Objectives.—To compare the relative tolerability of 5-HT1B/1D agonists and to investigate the relationships (if any) among systemic exposure, lipophilicity, and clinical tolerability for 5-HT1B/1D agonists.
Methods.—Post hoc correlations were sought among the following variables: absolute dose (=administered dose × oralbioavailability), Cmax, LogDpH7.4 (LogD), frequencies of all, neurological and dizziness/somnolence/drowsiness adverse events, adjusted for corresponding placebo-associated frequencies.
Results.—For effective doses of all drugs with available data, absolute dose-response relationships exist for adverse event frequencies. The overall rank order of the frequency of adverse events was as follows: naratriptan < sumatriptan = rizatriptan < zolmitriptan.
With the exception of eletriptan, 5-HT1B/1D agonists exhibit correlations between absolute dose, Cmax (R = 0.97), and LogD (R = 0.71). For neurological and dizziness/somnolence/drowsiness adverse event frequencies, the overall rank order was sumatriptan < naratriptan < rizatriptan < zolmitriptan. Neither LogD nor absolute dose size predicted adverse event frequencies.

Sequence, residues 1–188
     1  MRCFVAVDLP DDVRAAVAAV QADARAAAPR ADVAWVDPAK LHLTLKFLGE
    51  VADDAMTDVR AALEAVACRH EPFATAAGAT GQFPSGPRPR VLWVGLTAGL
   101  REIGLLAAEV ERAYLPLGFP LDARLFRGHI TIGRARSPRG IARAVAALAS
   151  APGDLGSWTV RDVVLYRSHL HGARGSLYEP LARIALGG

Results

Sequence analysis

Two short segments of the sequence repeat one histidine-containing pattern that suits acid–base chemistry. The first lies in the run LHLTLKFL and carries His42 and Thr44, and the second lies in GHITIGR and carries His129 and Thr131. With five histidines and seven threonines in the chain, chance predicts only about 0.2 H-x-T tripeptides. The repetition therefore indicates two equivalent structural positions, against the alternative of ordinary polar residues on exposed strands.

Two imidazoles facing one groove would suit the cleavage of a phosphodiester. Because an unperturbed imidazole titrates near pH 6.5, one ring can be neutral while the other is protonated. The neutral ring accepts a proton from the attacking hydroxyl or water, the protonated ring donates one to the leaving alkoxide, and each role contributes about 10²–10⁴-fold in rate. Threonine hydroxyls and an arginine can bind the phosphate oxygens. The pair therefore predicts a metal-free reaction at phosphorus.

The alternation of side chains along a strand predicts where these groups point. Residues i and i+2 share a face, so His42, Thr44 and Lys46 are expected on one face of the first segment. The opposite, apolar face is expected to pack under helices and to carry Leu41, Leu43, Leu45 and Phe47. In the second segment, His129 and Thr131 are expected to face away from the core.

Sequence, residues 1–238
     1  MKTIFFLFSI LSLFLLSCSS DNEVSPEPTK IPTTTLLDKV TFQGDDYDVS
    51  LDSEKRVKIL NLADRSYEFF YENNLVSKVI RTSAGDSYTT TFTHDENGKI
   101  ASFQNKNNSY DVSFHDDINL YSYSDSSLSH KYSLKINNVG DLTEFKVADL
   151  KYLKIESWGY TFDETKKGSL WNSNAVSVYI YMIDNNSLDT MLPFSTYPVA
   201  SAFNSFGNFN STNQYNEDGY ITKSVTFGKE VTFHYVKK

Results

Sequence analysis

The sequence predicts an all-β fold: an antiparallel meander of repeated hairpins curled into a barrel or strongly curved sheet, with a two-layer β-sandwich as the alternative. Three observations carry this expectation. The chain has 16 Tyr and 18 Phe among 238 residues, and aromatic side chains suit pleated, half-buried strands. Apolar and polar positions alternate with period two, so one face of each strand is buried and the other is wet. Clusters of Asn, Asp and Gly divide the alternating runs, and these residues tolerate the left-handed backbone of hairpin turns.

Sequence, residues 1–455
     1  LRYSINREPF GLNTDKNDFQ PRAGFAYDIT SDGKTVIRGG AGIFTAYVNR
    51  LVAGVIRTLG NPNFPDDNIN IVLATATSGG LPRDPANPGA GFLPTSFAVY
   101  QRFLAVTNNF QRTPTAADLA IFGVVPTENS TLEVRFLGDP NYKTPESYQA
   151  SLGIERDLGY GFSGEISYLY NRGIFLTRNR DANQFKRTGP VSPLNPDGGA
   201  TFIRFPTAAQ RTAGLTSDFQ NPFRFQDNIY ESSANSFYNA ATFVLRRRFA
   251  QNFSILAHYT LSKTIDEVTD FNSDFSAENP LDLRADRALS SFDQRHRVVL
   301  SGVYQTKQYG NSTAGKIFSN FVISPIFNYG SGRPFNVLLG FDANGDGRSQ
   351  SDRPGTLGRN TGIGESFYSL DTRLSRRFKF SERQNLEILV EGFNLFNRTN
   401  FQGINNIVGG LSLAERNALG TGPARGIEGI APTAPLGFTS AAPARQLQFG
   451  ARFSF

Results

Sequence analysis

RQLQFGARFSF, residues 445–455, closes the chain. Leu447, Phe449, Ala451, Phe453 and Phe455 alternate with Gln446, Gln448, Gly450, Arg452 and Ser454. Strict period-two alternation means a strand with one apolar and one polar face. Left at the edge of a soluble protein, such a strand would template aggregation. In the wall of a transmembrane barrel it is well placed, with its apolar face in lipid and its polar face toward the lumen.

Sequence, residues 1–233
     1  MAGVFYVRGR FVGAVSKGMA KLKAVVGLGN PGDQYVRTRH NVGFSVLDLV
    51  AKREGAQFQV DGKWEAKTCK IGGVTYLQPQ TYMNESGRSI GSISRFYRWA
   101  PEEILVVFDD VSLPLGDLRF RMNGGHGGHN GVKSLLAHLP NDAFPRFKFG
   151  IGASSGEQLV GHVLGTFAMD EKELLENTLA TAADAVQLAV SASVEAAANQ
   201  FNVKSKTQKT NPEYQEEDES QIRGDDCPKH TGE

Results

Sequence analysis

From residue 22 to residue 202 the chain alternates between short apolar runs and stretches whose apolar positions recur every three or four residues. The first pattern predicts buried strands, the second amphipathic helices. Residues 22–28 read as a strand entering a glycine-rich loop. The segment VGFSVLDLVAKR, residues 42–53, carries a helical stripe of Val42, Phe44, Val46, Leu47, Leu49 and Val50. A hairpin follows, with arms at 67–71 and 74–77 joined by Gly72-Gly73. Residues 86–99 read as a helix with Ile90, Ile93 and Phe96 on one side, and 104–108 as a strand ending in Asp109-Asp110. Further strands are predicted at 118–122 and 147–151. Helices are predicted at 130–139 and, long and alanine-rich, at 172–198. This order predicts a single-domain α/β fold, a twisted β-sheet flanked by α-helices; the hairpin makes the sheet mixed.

Conclusions.—Triptans may be distinguished in terms of their tolerability. Effectiveness, absolute dose size, and lipophilicity are related for the 5-HT1B/1Dagonists considered here, except eletriptan. Adverse event frequencies cannot be predicted from in vitro measures of lipophilicity, in vivo estimates of absolute bioavailability, dose size, or any combination of these variables. Since these drugs are all agonists at 5-HT1B/1D receptors in the low nanomolar range, but differ in their tolerability profiles, adverse effects are not likely to be mediated through 5-HT1B/1D receptors. Drugs of this class must be studied individually and on a reasonably large scale in clinical development programs.